An evaluation of the maternal effect on spontaneous abortion and the genetic contribution to various reproductive variables was made using like-sexed twins born between 1915–1946. Health and reproductive questionnaires were sent to 2,365 twin pairs listed in the Norwegian Twin Registry. Zygosity was determined by a questionnaire which proved to be 98% accurate in discriminating between monozygotic (MZ) and dizygotic (DZ) twins. Verification of the zygosity questionnaire was accomplished by blood cell marker zygosity determination in 200 twin pairs. Data from 428 monozygotic twin pairs (174 male pairs and 254 female pairs) were analyzed by a new model for qualitative traits and a striking maternal effect was found. The results suggested that over 54% of all women may belong to a high risk group who have approximately a 13% risk of early fetal loss. The incidence of first trimester abortions and spontaneous abortion reported by a sample of 915 like-sexed twin pairs and spouses was .079 and .089, respectively; there were no significant differences between male and female pairs.
Other reproductive variables were studied in both MZ and DZ twins including the age of menarche and menopause, the age at marriage and birth of the first child, and the interval between marriage and the first birth. These variables were examined for evidence of genetic effects and secular trends. The mean age of menarche had decreased significantly between the years 1915–1935 and 1936–1946. The secular trend appeared to be environmental in nature and accounted for more than 7% of the overall variation in age of menarche. Sixty-five percent of the variation in the age of menarche was attributed to genetic factors. The mean age of marriage and the mean age at the first birth decreased significantly between 1915–1935 and 1936–1946. Twins born between 1936–1946 also reported fewer pregnancies than did twins born between 1915–1946, but this was statistically significant among MZ twins only; no significant difference in the frequency of spontaneous abortions was found between the 1915–1935 and the 1936–1946 groups.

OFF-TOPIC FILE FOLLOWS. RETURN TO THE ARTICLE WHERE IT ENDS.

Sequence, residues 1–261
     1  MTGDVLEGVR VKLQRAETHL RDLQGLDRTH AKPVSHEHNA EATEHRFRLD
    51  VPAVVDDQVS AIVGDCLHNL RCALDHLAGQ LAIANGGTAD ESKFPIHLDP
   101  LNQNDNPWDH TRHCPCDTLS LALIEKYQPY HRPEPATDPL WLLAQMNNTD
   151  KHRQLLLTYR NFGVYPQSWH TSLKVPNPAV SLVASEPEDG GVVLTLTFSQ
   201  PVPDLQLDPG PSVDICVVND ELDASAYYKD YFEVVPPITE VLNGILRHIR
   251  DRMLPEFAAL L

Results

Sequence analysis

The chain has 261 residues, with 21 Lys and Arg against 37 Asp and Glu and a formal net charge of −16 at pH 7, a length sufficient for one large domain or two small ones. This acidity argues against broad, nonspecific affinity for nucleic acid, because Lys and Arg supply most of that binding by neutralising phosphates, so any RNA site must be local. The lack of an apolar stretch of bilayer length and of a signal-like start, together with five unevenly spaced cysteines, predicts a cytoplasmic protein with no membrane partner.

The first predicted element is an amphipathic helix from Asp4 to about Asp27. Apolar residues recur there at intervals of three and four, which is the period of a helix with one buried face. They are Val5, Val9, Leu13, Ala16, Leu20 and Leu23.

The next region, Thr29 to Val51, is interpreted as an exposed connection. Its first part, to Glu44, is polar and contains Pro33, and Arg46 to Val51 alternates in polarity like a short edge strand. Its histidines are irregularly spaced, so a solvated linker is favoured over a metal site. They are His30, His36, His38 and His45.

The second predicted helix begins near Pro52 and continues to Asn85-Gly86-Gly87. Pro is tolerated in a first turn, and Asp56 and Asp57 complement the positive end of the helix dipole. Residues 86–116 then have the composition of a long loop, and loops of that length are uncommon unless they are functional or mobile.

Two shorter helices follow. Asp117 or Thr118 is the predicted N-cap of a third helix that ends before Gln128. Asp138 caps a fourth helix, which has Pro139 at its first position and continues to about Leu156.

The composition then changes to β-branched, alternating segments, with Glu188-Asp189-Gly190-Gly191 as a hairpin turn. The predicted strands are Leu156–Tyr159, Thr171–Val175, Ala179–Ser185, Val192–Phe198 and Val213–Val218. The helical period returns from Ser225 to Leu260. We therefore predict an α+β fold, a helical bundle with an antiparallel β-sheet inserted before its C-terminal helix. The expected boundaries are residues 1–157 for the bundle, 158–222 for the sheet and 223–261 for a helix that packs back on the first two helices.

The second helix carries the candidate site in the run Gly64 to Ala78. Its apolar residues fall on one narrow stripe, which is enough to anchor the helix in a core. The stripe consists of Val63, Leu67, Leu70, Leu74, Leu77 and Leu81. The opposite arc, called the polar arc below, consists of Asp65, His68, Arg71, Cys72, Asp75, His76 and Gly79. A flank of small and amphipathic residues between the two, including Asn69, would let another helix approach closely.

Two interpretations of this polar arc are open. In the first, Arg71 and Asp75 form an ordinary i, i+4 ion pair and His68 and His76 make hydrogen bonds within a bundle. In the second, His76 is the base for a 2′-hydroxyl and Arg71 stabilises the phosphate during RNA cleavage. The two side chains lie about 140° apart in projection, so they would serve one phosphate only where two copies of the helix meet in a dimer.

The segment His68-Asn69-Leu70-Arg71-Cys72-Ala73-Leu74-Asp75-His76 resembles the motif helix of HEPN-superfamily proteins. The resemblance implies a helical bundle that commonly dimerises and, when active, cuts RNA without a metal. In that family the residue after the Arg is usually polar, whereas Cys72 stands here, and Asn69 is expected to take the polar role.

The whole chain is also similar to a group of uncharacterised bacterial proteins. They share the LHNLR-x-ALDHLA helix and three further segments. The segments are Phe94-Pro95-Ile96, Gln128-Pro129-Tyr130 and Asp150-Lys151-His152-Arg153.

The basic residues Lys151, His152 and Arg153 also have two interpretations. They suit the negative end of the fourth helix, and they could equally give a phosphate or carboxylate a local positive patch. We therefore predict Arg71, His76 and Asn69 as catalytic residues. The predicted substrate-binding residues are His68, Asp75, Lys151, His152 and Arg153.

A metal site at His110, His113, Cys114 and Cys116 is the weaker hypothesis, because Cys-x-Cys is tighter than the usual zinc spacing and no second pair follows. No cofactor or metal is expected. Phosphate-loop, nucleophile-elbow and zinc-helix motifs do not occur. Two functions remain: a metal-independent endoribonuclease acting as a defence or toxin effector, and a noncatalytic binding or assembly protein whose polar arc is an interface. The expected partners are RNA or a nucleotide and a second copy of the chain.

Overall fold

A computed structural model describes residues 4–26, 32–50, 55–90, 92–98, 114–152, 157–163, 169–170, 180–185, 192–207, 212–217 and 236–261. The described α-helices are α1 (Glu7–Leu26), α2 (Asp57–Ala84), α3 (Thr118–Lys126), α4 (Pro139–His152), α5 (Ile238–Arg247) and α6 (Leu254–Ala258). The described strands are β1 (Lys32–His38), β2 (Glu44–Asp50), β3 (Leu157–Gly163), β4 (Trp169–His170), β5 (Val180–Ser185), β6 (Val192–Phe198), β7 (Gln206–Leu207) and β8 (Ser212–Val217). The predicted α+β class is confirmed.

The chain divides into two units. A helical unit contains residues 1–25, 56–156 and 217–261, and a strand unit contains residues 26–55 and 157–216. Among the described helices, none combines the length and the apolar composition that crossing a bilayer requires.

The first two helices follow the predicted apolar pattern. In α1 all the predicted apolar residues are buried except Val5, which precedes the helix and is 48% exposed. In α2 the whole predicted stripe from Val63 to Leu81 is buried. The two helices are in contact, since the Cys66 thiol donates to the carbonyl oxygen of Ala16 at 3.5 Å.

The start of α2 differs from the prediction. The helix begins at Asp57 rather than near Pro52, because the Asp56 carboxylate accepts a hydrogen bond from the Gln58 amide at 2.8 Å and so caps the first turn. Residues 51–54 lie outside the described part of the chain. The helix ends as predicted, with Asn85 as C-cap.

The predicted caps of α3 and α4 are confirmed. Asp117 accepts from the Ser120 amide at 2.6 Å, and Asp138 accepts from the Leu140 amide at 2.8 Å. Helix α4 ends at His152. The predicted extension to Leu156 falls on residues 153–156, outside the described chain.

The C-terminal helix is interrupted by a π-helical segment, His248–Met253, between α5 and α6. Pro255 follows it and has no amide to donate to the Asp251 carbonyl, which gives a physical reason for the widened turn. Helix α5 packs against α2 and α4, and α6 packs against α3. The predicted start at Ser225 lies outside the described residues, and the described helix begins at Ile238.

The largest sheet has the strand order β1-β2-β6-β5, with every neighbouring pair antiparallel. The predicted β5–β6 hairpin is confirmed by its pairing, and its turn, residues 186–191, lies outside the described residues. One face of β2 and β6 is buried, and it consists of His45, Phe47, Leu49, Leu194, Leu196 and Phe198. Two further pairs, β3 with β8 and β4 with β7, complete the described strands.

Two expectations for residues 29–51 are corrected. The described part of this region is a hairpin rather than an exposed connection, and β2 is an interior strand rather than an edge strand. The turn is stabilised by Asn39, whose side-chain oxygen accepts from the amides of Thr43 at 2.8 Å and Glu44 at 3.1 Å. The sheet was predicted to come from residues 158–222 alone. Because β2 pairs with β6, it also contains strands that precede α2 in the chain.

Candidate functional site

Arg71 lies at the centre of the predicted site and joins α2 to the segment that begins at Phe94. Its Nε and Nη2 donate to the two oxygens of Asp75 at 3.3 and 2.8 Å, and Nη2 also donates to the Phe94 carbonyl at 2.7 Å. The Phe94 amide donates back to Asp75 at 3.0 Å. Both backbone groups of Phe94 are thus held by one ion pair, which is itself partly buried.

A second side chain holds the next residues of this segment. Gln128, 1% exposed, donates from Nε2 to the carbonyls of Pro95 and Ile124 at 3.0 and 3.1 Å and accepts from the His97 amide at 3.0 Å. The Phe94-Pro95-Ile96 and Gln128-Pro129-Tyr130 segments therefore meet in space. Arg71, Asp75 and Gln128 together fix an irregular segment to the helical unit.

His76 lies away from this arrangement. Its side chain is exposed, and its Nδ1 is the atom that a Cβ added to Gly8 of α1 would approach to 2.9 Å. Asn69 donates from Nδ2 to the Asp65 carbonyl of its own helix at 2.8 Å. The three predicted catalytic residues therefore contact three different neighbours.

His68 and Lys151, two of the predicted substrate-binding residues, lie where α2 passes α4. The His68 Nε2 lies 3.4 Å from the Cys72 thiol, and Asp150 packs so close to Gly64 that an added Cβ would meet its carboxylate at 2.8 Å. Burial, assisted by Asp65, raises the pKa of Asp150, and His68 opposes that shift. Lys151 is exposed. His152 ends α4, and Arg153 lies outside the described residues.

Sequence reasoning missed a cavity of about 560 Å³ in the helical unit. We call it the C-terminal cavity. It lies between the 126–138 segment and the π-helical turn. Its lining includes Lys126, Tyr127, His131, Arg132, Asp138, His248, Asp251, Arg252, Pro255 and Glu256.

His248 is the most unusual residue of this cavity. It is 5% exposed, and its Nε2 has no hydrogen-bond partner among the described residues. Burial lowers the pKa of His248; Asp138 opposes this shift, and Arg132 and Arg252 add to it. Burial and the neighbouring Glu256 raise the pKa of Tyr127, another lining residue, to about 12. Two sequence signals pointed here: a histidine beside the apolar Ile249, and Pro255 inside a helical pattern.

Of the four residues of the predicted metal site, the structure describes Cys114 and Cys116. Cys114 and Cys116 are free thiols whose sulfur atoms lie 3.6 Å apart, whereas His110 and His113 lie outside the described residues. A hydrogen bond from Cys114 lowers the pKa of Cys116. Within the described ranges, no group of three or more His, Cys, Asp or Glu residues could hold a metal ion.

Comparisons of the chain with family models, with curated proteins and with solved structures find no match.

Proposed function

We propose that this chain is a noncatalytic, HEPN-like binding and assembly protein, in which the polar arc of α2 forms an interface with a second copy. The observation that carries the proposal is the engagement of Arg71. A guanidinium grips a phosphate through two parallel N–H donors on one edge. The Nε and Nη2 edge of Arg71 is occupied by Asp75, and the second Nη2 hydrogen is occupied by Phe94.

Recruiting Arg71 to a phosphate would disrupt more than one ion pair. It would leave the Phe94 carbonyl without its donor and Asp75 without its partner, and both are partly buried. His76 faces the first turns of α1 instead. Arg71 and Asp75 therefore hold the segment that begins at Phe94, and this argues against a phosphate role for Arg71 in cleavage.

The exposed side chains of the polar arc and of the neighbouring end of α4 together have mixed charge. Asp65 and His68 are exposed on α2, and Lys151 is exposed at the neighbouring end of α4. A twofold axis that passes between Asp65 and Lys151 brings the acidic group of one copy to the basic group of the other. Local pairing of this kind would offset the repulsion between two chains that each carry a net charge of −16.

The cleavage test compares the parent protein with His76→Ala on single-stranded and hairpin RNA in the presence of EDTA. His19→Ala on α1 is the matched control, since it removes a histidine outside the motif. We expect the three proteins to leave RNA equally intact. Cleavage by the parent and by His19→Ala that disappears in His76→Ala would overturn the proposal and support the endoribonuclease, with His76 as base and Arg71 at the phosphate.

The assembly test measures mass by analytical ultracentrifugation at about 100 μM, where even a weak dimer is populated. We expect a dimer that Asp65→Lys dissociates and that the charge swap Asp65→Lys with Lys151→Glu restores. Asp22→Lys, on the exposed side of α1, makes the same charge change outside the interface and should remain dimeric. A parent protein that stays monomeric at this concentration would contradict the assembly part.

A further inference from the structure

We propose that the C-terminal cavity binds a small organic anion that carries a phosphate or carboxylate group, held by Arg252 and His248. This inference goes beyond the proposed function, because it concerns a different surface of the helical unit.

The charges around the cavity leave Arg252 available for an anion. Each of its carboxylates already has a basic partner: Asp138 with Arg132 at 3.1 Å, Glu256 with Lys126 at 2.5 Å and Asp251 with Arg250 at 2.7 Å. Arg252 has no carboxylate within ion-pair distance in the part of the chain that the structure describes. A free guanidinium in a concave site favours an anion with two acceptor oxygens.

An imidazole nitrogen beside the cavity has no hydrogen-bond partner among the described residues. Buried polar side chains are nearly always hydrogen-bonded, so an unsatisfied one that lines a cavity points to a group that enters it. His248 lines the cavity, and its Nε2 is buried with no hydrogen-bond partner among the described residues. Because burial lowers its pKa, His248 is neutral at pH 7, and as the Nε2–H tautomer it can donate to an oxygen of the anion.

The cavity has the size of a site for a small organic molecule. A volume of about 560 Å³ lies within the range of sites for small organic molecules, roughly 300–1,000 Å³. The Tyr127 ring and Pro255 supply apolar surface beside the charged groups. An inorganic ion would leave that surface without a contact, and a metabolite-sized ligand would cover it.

Although there were occasional groups in which differences were statistically significant, no general trends were identified in comparing couples who reported a spontaneous abortion with those who did not. Traits compared were: the age of menarche, age of marriage, age at first birth, the interval between marriage and first birth and the mean present age of the twins and spouses. Couples reporting a first trimester spontaneous abortion had significantly more total pregnancies than those not reporting a spontaneous abortion. Unaffected pregnancies were also significantly more numerous in couples with a spontaneous abortion compared to those without, suggesting over-compensation for fetal loss.
A maternal effect in spontaneous abortion was indicated by the correlation coefficients found; significant positive correlations were found in both MZ and DZ females but not in males. For total pregnancies and unaffected pregnancies, MZ twins, both male and female, had significant correlation coefficients while DZ twins did not.